How Should We Think of Wildfire?

If a familiar landscape burns in a wildfire should we be upset?  Maybe.   It depends on what kind of vegetation burned, the fuels, and weather conditions at the time of the fire.   The fire may be of over-all benefit to the local ecology, or may be largely destructive.    Within the perimeter of any one fire, one can see a range of effects.  Once a fire burns, changes are set in motion that continue for a very long time. Even fires that kill all of the trees within an area can bring about new habitats that are ideal for some plants and animals.  The only real constant is that fire is inevitable, especially in places that alternate between being wet and dry.   In attempting to avoid fire altogether, we are reaping a disproportionate number of very large, very hot fires.  Disaster occurs when we place ourselves or our homes in the path of conflagration.   As humans there are times when we should aggressively suppress fires, and times when it would be better to allow them to burn, at least to some pre-determined point.  


  • The old fire prevention slogan "green forests offer more" is not accurate.  From an ecological point of view "multicolored forests offer more".  Table Mountain fire of 2012 viewed from the air in 2013, Cle Elum Ranger District of Okanogan-Wenatchee National Forest, WA.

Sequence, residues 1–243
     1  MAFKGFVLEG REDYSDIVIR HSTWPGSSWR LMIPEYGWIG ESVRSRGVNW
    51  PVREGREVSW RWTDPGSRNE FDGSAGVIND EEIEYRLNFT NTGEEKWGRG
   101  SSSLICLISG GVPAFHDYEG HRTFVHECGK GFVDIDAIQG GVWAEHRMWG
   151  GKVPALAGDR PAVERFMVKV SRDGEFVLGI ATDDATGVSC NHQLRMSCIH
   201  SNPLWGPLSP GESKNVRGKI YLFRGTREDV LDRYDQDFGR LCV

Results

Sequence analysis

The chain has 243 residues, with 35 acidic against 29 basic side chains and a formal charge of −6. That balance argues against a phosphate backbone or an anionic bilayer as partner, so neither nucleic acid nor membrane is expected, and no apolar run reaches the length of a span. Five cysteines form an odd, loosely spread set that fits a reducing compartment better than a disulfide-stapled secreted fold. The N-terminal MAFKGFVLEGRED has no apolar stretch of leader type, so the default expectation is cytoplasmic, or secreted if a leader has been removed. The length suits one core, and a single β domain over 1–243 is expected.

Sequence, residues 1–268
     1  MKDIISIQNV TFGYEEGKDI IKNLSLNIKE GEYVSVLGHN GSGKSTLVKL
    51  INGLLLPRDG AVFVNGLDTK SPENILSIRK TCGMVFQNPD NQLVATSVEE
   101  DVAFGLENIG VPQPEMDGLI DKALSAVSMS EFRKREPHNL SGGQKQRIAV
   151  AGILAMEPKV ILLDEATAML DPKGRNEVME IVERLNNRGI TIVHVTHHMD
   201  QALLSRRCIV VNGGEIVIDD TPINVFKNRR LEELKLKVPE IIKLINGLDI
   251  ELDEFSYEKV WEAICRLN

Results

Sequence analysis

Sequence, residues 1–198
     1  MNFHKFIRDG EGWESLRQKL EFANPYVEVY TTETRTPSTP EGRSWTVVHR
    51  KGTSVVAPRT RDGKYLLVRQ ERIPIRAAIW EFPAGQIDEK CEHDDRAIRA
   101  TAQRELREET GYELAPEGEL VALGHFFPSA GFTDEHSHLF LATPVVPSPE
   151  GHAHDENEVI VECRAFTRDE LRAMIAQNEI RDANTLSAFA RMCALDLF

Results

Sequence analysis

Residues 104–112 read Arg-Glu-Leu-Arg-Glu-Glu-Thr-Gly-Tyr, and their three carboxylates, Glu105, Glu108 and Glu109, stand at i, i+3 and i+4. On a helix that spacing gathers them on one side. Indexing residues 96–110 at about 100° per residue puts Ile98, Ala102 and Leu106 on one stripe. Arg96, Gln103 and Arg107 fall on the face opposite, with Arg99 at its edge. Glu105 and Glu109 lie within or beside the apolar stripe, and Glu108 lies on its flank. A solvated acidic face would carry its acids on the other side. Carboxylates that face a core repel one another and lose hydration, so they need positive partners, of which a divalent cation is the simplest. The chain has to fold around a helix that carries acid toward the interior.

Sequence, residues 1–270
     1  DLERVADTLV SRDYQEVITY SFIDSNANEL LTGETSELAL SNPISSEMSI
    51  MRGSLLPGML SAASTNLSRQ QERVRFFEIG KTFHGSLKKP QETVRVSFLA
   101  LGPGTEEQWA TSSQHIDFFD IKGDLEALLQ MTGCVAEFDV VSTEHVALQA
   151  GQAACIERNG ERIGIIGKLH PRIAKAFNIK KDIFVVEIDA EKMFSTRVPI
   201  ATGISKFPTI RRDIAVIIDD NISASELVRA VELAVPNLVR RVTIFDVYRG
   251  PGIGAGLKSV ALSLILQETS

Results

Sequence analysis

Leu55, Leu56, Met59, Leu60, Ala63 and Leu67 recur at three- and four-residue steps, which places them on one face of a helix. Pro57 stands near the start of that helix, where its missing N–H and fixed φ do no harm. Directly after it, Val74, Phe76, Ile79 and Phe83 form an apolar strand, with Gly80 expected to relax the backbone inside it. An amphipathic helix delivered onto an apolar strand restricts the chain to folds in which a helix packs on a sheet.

• When fire burns hot over a large area, it can kill all of the trees, leaving a forest less diverse than it was before.   Most tree species will have difficulty making a comeback, because of the long distance from the nearest seed source.  Lodgepole pine with it's serotinous cones that open at the time of a fire will most likely dominate the future forest here.  Aerial view of Table Mountain Fire- October 2012  Okanogan-Wenatchee National Forest, WA
  • Holes burned in a forest may not be pretty, but they have a function in adding ecological diversity.  A different mix of plants and animals will live in the burned areas.  Also, for a time the burned patches will be places where fire does not spread, as all that readily burns has been burned.  Small and medium size fires are critical to preventing large fires.  Peavine Fire of 2012 as seen from the air in 2013.   Okanogan-Wenatchee National Forest, WA